To satisfy your off-season football jones, I recommend that you attend one of these camps to see the madness first hand if there is one being held at a college or stadium near you. They are normally free, and the drama will surprise you. I have attended a few camps this spring and summer, and got a chance to stop by the Rising Stars Camp at USC this past week. I came away with impressed, and with a few essentials for going "camping":
1) Get a Roster Sheet - If a roster sheet is available, make sure you grab one because it can be very difficult to tell who's who among the hundreds of athletes on the field. Each player is generally assigned a "number" that is placed on the front of the workout shirt they are given, but it doesn't always include the athlete's name. Even the well organized Rising Stars Camp had a few participants who wore their own gear, so you had to ask around to find out who certain players were.
2) The Eye Test - Certain guys stand out right away when you see the players warming up. They pass the "eye" test - meaning they look bigger, stronger, and faster than their peers. If you think players like recent commit Tyron Smith blow you away in his photos from the Rising Stars Camp, he's even more physically impressive in person. And then you have players like offensive line commit Matt Kalil, who weighs close to 290lbs but doesn't look like it. Almost lean, Kalil is one of those big uglies that will actually look good in a uniform.
3) Three-Ring Circus - When the whistle blows after warm-ups, the players suddenly scatter to their own position groups to participate in different drills. The intensity really picks up as the athletes become focused on performing at their best to impress the coaching staff. For those athletes who have not attended an SC camp before, the competition, pace and coaching is a little bit of a shock. At the Rising Stars Camp, the Trojan coaches and staff seemed to coach every one of the participants like they were on SC's roster. There is absolutely no walking from drill to drill - and if a coach saw that, they let the player know about it. And woe to the player who came to the camp out of shape. The length and intensity of the full day of drills tested the players' stamina and willingness to go hard on each rep, drill or scrimmage.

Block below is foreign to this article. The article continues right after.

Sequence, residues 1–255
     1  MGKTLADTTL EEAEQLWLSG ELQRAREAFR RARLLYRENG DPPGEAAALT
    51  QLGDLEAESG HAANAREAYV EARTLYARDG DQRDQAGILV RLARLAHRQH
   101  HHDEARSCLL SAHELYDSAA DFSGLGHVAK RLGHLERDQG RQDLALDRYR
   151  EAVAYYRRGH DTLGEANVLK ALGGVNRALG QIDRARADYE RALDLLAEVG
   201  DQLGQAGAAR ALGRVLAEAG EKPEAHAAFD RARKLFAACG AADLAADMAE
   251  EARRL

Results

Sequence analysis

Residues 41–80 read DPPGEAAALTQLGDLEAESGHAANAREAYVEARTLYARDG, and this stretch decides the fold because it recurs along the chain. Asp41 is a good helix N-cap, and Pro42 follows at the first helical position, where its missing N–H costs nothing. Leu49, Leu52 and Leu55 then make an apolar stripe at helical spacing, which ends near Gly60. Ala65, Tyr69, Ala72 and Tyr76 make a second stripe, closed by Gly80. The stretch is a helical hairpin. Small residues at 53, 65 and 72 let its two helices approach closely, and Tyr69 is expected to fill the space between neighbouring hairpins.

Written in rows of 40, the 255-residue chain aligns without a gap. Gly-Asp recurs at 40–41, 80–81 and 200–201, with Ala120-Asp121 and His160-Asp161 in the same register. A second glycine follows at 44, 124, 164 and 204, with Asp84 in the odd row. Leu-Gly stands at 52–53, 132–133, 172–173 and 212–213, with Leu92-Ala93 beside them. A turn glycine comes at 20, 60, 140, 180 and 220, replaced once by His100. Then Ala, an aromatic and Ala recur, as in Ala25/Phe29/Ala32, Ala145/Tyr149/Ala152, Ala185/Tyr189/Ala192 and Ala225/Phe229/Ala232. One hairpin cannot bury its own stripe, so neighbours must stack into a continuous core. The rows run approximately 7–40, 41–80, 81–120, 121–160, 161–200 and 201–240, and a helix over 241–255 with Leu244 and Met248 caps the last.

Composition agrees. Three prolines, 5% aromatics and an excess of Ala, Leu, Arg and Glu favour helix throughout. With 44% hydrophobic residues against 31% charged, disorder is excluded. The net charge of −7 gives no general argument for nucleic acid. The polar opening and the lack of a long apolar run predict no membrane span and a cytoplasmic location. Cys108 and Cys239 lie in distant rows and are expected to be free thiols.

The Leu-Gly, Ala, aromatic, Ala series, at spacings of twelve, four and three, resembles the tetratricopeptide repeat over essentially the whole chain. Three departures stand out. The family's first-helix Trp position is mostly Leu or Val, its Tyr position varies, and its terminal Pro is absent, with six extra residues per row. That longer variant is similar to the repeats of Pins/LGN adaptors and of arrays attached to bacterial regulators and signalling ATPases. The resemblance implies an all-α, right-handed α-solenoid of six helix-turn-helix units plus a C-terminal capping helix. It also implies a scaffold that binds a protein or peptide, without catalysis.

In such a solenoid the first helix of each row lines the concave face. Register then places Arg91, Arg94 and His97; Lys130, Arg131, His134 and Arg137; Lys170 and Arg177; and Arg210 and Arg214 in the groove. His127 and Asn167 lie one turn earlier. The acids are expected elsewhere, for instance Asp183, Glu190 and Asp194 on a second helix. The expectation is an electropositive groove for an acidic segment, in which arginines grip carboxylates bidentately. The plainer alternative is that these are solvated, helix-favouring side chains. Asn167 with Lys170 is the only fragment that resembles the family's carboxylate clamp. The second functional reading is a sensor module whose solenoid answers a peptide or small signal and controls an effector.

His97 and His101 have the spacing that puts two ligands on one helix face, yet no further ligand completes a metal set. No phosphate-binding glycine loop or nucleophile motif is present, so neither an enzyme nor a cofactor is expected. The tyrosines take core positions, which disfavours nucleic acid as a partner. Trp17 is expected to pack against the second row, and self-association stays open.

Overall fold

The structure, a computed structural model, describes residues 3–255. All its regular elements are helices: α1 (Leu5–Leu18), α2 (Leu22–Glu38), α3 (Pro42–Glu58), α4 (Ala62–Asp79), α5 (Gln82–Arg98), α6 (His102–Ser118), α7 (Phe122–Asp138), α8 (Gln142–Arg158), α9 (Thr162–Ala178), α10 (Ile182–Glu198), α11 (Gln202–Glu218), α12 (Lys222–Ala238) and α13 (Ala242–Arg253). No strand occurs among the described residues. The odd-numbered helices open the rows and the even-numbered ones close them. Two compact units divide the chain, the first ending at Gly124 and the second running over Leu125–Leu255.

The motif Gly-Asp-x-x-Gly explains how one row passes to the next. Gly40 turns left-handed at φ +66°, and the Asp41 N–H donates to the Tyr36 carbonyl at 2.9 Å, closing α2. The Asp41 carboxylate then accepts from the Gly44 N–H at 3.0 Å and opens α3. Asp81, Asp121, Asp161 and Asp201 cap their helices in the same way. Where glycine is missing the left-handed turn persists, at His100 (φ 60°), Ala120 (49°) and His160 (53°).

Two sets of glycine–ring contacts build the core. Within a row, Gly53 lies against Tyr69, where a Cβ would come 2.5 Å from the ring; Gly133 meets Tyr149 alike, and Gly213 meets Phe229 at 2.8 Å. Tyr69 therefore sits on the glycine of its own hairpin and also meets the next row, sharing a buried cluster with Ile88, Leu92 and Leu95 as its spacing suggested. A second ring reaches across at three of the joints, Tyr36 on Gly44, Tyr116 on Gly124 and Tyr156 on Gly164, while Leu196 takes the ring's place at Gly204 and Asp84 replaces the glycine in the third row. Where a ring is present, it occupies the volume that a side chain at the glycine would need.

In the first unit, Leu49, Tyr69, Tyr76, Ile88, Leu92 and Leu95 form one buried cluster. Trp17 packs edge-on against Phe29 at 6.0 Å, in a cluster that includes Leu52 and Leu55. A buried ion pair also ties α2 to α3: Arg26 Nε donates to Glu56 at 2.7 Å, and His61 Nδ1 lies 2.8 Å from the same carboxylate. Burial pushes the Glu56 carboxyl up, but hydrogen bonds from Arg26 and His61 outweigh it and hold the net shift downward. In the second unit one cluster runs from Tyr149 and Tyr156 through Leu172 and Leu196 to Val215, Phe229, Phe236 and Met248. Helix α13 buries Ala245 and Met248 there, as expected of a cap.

The stakes are even higher for players who are committed to a school or who have received a lot of press coverage. They are marked men during the drill phase of the camp as other players try to make a name for themselves by beating the "blue chipper" in the one on one drills. Those who do make an impression are pulled aside at some point during the day by a cadre of coaches and offered a football scholarship. You can see the pride and relief in the athlete's face when that happens.
By the end of the day, the players look like they've been through the wringer. Hundreds of tired and thirsty players make their way to the refreshement tent . . . and that's when you suddenly realize as an observer how precious few of the participants have what it takes to earn a football scholarship from USC. But even those players who are not scholarship quality stop and thank the Trojan coaches for the opportunity to get a taste of USC's special brand of football practice.
Coach Pete Carroll summed it up best at the end of the Rising Star Camp when he reminded the participants that although they may not get a scholarship offer from USC, they can still take back the energy, enthusiasm and competitive spirit they displayed on Howard Jones field that day to their own teams, and be leaders during their upcoming high school football season.
And that's what camp season is all about.